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Knowledge management for land degradation monitoring and assessment: An analysis of contemporary thinking

Reed, M. S., Fazey, I., Stringer, L. C., Raymond, C. M., Akhtar-Schuster, M., Begni, G., Bigas, H., Brehm, S., Briggs, J., Bryce, R., Buckmaster, S., Chanda, R., Davies, J., Diez, E., Essahli, W., Evely, A., Geeson, N., Hartmann, I., Holden, J., Hubacek, K., Ioris, A. A. R., Kruger, B., Laureano, P., Phillipson, J., Prell, C., Quinn, C. H., Reeves, A. D., Seely, M., Thomas, R., Ten Bosch, M. J. V. D. W., Vergunst, P. & Wagner, L., Jul-2013, In : Land degradation & development. 24, 4, p. 307-322 16 p.

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  • KNOWLEDGE MANAGEMENT FOR LAND DEGRADATION MONITORING ANDASSESSMENT: AN ANALYSIS OF CONTEMPORARY THINKING

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DOI

  • M. S. Reed
  • I. Fazey
  • L. C. Stringer
  • C. M. Raymond
  • M. Akhtar-Schuster
  • G. Begni
  • H. Bigas
  • S. Brehm
  • J. Briggs
  • R. Bryce
  • S. Buckmaster
  • R. Chanda
  • J. Davies
  • E. Diez
  • W. Essahli
  • A. Evely
  • N. Geeson
  • I. Hartmann
  • J. Holden
  • K. Hubacek
  • A. A. R. Ioris
  • B. Kruger
  • P. Laureano
  • J. Phillipson
  • C. Prell
  • C. H. Quinn
  • A. D. Reeves
  • M. Seely
  • R. Thomas
  • M. J. Van der Werff Ten Bosch
  • P. Vergunst
  • L. Wagner

It is increasingly recognised that land degradation monitoring and assessment can benefit from incorporating multiple sources of knowledge, using a variety of methods at different scales, including the perspectives of researchers, land managers and other stakeholders. However, the knowledge and methods required to achieve this are often dispersed across individuals and organisations at different levels and locations. Appropriate knowledge management mechanisms are therefore required to more efficiently harness these different sources of knowledge and facilitate their broader dissemination and application. This paper examines what knowledge is, how it is generated and explores how it may be stored, transferred and exchanged between knowledge producers and users before it is applied to monitor and assess land degradation at the local scale. It suggests that knowledge management can also benefit from the development of mechanisms that promote changes in understanding and efficient means of accessing and/or brokering knowledge. Broadly, these processes for knowledge management can (i) help identify and share good practices and build capacity for land degradation monitoring at different scales and in different contexts and (ii) create knowledge networks to share lessons learned and monitoring data among and between different stakeholders, scales and locations. Copyright (c) 2011 John Wiley & Sons, Ltd.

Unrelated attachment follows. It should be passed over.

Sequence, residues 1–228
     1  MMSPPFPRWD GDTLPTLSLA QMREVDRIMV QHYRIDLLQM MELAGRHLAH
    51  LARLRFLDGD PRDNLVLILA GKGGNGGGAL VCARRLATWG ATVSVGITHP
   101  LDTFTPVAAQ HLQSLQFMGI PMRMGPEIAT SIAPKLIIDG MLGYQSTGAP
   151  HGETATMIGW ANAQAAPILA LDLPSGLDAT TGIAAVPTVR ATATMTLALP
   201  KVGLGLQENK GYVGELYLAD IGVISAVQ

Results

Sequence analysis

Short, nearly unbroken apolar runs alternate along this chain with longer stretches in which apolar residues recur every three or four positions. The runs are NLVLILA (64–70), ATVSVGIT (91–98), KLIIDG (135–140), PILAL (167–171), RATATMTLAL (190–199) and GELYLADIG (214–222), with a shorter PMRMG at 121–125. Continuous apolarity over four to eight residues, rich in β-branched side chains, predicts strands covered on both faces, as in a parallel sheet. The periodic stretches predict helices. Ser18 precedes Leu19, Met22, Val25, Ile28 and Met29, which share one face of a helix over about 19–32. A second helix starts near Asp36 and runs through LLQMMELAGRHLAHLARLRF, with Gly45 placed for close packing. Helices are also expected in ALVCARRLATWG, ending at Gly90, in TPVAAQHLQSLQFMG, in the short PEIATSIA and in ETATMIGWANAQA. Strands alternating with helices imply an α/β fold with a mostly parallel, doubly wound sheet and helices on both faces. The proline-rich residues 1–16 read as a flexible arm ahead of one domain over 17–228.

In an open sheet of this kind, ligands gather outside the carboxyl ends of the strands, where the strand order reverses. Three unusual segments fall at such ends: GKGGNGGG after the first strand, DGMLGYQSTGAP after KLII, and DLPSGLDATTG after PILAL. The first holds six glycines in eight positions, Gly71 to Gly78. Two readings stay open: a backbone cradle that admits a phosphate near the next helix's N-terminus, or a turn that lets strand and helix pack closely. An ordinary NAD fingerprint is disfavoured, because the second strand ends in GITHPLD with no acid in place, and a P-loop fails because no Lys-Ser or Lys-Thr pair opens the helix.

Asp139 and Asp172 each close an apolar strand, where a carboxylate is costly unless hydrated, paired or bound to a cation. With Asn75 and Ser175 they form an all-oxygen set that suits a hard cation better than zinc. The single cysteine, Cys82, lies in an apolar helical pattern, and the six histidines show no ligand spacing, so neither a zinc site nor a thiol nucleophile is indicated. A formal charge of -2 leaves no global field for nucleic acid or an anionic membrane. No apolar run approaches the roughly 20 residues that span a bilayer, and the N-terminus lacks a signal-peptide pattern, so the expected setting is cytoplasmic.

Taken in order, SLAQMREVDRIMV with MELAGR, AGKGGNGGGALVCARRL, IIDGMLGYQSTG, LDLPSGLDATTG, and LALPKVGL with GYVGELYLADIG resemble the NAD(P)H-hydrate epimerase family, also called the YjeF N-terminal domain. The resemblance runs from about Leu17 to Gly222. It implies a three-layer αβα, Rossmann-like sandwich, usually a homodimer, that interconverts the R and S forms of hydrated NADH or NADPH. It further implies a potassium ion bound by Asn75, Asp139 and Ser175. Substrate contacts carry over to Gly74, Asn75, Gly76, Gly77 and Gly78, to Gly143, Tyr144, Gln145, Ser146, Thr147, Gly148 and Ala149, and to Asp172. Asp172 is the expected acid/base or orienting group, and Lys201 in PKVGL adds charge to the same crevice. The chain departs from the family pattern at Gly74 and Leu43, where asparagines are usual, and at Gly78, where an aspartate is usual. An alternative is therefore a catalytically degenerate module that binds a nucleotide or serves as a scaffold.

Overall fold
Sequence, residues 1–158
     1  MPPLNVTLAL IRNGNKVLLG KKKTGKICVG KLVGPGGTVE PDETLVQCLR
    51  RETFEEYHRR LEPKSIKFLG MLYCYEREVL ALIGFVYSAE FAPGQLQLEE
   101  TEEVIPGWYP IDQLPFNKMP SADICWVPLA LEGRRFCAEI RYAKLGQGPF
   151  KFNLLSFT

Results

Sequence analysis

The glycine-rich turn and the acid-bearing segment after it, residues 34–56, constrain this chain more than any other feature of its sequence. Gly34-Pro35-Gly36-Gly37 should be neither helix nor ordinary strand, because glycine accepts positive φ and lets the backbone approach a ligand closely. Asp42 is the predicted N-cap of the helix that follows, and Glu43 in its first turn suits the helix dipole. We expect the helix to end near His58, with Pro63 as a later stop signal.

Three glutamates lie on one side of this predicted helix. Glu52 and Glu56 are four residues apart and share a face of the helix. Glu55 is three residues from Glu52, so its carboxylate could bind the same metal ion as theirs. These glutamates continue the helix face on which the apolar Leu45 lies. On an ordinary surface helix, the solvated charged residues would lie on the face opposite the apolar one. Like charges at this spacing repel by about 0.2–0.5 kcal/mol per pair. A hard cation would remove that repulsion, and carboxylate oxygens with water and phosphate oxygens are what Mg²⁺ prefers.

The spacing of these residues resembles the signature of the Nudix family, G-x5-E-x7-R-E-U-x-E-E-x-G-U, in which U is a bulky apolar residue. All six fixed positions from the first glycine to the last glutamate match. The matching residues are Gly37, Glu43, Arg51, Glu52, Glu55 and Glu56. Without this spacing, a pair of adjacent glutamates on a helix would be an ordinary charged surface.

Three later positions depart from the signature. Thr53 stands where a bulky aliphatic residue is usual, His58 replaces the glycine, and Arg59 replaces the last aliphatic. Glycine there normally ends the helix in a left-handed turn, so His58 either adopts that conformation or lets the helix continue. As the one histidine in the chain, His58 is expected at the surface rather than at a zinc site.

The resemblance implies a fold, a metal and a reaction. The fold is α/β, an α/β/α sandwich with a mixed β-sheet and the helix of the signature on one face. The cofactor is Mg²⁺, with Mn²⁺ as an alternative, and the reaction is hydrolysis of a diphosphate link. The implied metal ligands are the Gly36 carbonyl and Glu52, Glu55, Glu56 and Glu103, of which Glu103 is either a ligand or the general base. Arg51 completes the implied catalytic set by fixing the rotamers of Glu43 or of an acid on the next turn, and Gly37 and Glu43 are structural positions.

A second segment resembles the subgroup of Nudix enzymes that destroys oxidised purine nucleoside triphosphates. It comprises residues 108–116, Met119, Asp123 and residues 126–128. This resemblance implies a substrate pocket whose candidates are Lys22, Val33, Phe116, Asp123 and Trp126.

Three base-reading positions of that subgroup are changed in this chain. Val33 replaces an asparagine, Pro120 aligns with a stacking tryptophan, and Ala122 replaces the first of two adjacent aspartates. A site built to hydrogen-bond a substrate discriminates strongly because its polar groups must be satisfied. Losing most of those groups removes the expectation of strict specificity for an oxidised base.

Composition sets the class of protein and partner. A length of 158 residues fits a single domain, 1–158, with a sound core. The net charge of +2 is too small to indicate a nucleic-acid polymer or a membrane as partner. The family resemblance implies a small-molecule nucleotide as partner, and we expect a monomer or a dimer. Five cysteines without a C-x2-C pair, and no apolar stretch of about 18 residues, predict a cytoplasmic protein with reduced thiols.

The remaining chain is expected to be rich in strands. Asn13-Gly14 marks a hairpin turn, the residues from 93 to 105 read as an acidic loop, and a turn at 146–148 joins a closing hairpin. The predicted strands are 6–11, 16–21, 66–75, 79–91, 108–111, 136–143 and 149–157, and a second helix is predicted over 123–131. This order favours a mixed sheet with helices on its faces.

Original languageEnglish
Pages (from-to)307-322
Number of pages16
JournalLand degradation & development
Volume24
Issue number4
Publication statusPublished - Jul-2013

    Keywords

  • land degradation, environmental management, monitoring and assessment, knowledge management, knowledge exchange, knowledge transfer, knowledge brokers, social learning, NATURAL-RESOURCE MANAGEMENT, AGRICULTURAL KNOWLEDGE, ADAPTIVE COMANAGEMENT, COMMUNITY, CONSERVATION, SCALE, SCIENCE, DYNAMICS, SYSTEMS, SUSTAINABILITY

ID: 130814283